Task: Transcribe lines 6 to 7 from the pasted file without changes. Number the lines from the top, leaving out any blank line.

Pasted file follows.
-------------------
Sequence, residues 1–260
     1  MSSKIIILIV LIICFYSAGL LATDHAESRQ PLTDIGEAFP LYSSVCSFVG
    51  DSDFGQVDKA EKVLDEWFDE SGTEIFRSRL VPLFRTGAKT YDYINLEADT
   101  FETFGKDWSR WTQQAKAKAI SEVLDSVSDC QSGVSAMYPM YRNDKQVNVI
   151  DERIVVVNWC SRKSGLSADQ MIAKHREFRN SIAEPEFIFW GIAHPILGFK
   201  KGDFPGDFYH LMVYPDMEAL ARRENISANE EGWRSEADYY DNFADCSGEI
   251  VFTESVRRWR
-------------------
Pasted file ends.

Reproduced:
   201  KGDFPGDFYH LMVYPDMEAL ARRENISANE EGWRSEADYY DNFADCSGEI
   251  VFTESVRRWR